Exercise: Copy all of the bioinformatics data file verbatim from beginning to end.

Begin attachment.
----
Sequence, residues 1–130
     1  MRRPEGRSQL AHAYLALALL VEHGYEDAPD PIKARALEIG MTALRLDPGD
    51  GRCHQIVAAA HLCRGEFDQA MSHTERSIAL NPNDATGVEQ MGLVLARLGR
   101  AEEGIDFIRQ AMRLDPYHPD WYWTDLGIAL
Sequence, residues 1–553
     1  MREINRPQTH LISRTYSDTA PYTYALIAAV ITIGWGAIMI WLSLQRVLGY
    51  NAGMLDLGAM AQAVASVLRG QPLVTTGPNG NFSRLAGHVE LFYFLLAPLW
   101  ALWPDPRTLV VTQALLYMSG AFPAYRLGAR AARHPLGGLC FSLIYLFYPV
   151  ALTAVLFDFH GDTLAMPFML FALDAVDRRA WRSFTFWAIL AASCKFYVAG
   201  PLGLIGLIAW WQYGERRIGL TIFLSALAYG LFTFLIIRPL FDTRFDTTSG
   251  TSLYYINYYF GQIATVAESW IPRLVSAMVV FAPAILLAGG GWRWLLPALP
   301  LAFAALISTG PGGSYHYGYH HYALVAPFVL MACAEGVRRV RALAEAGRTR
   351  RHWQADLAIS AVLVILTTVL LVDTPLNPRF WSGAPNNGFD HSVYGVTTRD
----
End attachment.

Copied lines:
Sequence, residues 1–130
     1  MRRPEGRSQL AHAYLALALL VEHGYEDAPD PIKARALEIG MTALRLDPGD
    51  GRCHQIVAAA HLCRGEFDQA MSHTERSIAL NPNDATGVEQ MGLVLARLGR
   101  AEEGIDFIRQ AMRLDPYHPD WYWTDLGIAL
Sequence, residues 1–553
     1  MREINRPQTH LISRTYSDTA PYTYALIAAV ITIGWGAIMI WLSLQRVLGY
    51  NAGMLDLGAM AQAVASVLRG QPLVTTGPNG NFSRLAGHVE LFYFLLAPLW
   101  ALWPDPRTLV VTQALLYMSG AFPAYRLGAR AARHPLGGLC FSLIYLFYPV
   151  ALTAVLFDFH GDTLAMPFML FALDAVDRRA WRSFTFWAIL AASCKFYVAG
   201  PLGLIGLIAW WQYGERRIGL TIFLSALAYG LFTFLIIRPL FDTRFDTTSG
   251  TSLYYINYYF GQIATVAESW IPRLVSAMVV FAPAILLAGG GWRWLLPALP
   301  LAFAALISTG PGGSYHYGYH HYALVAPFVL MACAEGVRRV RALAEAGRTR
   351  RHWQADLAIS AVLVILTTVL LVDTPLNPRF WSGAPNNGFD HSVYGVTTRD